At the jail booking desk where he'd been bringing in handcuffed perps for most of his adult life, it was the detective answering the personal questions this morning: Name, height, weight, age. Then profession.
"Retired," said 6-1, 200-pound, 55-year-old Earl Martin Davis in a gravelly voice.
The booking officer eyed the husky figure in a dark suit. The mustachioed man he and other officers knew as Sonny Davis had hauled hundreds of petty thieves, gamblers, rapists, and murderers to jail; now he stood with them on the wrong side of the law, accused by his department of theft.
OK. "Retired," the officer typed. He left the rest of the line blank.
It was a small gesture for a cop of 30 years. Besides, he indeed had retired, and his profession was no state secret. A few days earlier, the headlines still shouting his name, homicide detective Sonny Davis had left the department. A fellow officer had accused him of stealing, then returning, $10,000 from a crime scene. An hour earlier on this day, May 5, Davis was arraigned at the courthouse across the street, pleading not guilty to first-degree theft.
He was released from jail on his own recognizance. Today, facing anywhere from a few days to 10 years behind bars, the goal is to keep from going back.
To do so, Davis is relying on a one-line defense: "It never happened." Though the prosecutor's office has discussed a plea bargain that could lighten any sentence, Davis is currently—with a judge's permission—poring over copies of the prosecutor's incriminating documents and evidence at his home, studying them for defects and helping his attorney construct his defense. As of now, the cop is going to trial.
It essentially will be Davis' word vs. that of his accuser: former partner and 20-year cop Cloyd Steiger. Steiger claims to have watched Davis stuff 10 $1,000 bundles into his pockets on October 1, 1996, while inventorying a homicide scene at Gideon-Mathews Garden apartments, a Seattle Housing Authority facility. The day before, resident Bodegard Mitchell had shot and wounded an SHA electrician and then, during a standoff, wounded a police officer before he was killed by police.
Steiger says when Davis allegedly found the money in a sewing cabinet, he offered Steiger a cut, which he angrily refused. Under pressure from him, Steiger claims, Davis and a supervisor, Sgt. Don Cameron, returned the cash to the crime scene the next day and logged it as evidence. It was later returned to Mitchell's kin. (Cameron has not been charged.)
If the best version of truth is to be determined by pitting Steiger's word against Davis', several attorneys say, a jury would have to conclude one is lying. On that simple basis the defendant is favored, posing the likelihood of a hung jury or a finding of not guilty by reasonable doubt. A jury might also be forgiving as well of someone who, as even Steiger says, returned the money and apologized.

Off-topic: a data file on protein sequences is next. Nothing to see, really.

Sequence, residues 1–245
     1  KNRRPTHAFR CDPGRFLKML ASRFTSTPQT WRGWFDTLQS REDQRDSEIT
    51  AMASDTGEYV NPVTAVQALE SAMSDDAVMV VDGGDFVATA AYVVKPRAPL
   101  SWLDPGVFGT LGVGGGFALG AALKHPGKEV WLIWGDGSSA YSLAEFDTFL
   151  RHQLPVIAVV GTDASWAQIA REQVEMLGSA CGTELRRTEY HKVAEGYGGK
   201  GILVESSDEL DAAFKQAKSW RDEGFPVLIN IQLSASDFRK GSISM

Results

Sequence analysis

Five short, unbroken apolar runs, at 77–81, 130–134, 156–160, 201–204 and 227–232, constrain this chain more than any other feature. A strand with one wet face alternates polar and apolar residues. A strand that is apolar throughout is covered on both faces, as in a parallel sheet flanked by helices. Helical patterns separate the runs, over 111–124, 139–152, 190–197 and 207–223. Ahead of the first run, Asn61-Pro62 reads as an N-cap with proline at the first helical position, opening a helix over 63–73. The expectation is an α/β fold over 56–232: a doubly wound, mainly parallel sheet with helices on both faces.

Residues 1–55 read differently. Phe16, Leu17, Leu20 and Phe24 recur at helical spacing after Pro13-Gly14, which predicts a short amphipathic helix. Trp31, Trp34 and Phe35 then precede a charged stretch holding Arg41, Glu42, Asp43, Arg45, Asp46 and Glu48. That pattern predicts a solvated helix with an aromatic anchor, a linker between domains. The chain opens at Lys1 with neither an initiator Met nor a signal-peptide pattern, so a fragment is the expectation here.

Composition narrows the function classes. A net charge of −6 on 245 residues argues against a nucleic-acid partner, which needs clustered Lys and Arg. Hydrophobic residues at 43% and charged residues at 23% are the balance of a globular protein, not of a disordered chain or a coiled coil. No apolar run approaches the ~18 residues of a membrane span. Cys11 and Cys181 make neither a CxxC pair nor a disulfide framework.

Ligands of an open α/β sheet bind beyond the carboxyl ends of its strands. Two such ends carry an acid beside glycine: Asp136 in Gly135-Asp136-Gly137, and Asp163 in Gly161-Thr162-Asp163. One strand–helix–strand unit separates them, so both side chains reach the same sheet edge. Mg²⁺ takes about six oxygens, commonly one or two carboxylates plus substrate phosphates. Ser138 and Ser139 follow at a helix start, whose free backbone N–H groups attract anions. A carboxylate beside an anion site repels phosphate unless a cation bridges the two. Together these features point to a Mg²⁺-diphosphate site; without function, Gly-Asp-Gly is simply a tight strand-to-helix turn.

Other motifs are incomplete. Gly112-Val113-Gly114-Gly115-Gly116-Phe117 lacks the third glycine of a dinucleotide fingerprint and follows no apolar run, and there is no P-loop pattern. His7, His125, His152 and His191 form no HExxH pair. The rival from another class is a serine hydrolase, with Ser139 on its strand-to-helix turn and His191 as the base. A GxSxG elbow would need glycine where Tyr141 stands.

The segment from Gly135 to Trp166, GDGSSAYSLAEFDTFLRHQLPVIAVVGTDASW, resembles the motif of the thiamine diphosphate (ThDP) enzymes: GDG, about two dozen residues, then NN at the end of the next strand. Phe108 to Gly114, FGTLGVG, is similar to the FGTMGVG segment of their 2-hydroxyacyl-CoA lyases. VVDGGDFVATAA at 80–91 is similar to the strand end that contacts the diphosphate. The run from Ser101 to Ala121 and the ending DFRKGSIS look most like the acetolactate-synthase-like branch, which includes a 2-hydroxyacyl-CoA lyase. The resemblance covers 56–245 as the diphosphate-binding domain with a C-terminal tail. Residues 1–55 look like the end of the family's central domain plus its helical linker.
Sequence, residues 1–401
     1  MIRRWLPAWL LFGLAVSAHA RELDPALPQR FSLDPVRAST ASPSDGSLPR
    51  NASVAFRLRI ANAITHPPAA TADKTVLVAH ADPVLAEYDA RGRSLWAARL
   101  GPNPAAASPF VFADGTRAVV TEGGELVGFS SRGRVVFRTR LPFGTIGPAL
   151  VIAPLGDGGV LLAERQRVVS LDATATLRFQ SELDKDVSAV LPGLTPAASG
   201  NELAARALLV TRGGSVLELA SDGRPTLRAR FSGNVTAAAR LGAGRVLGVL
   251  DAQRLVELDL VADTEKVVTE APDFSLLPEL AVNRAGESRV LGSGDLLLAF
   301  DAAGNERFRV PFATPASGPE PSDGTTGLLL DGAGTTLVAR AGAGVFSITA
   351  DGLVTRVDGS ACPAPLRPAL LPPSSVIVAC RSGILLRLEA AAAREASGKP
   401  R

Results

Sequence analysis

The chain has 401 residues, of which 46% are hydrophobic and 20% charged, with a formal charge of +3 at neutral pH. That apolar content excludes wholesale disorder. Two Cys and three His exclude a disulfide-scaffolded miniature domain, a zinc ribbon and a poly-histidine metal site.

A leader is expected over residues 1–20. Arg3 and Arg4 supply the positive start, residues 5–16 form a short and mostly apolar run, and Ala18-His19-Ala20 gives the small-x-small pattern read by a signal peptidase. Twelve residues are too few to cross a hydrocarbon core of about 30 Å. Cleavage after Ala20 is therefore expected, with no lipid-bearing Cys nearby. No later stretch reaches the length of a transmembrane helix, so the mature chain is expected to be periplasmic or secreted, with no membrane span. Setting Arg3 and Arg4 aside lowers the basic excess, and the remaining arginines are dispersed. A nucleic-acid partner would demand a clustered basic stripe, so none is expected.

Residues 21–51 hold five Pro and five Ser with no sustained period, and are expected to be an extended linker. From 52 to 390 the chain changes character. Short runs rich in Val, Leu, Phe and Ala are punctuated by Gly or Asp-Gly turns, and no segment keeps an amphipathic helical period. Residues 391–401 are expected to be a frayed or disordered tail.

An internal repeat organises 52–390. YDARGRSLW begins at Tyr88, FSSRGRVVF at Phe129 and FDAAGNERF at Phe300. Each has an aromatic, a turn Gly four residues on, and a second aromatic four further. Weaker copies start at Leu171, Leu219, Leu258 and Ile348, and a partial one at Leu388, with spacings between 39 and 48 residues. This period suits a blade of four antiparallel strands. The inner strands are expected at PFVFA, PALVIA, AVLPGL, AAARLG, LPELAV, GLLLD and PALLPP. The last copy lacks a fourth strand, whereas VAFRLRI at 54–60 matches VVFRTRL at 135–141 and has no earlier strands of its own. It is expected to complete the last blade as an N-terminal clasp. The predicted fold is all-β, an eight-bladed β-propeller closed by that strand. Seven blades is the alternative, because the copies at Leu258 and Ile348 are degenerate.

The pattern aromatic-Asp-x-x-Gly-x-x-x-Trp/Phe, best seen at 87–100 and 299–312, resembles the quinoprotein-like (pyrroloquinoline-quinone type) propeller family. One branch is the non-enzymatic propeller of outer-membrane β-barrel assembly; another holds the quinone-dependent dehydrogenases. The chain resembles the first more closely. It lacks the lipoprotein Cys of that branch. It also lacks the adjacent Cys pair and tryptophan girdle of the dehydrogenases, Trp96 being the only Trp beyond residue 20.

Among the factors working against Davis is that as a cop he is accused of, in addition to theft, violating his public trust, and it's difficult to predict a jury's reaction to that. More pressing—and more important to the prosecution—is the potential testimony of more than a half-dozen police officers to whom Steiger says he related the incident as it unfolded. Though arguably hearsay evidence, their testimony, if believed, could underpin Steiger's solo claims.
Detective Christine Krupar, for example, avers Steiger told her of the theft the next morning at coffee. She says she urged him to go to internal investigators. Instead, Steiger says he had it out with Davis and Cameron in the homicide office. Another detective, John Boatman, says Steiger told him of the theft after that shouting match.
Later that morning, Davis and Cameron allegedly returned the money. King County Prosecutor Norm Maleng claims to have an independent witness—a Housing Authority worker—as well as evidence-log documents, to support that contention.
Worried about his own job, Steiger says, he made no formal complaint to the department's Internal Investigations Section. (Nor did any of the other seven detectives who'd caught wind of the claim.) But nine months later, Steiger says he did contact the IIS, telling them only that Davis had a drinking problem. Davis was subsequently transferred to a desk job.
Davis' attorney Tony Savage denies the alcohol allegation and says no IIS report was made about the theft simply because the theft never happened.
The field-leveler may be Sgt. Don Cameron's potentially persuasive testimony. Supervisor to both Davis and Steiger, Cameron was investigated but not charged and has retired from the department without disciplinary action taken. So far, Cameron has maintained the accusations are untrue and has indicated he would not testify for the prosecution.
An unknown factor in the case—should it go to trial—is the scandal itself: how the alleged theft was hushed up (counting Davis, Steiger, and Cameron, 13 police officers reportedly knew all or some details of the alleged incident); how the two-and-a-half-year-old claim evolved publicly into charges only through what Steiger says was a recent casual conversation with a prosecutor; and how the incident threw a revealing spotlight on widespread problems within the department and the IIS—some aspects of which are now being reviewed by a newly appointed mayoral panel.
For sure, those internal police malfunctions will be on trial with Sonny Davis. They're at the crux of his defense, contends Davis' attorney. "I hate to do it, but I will have to bring that up," says Tony Savage. "All of it."
No trial date is set.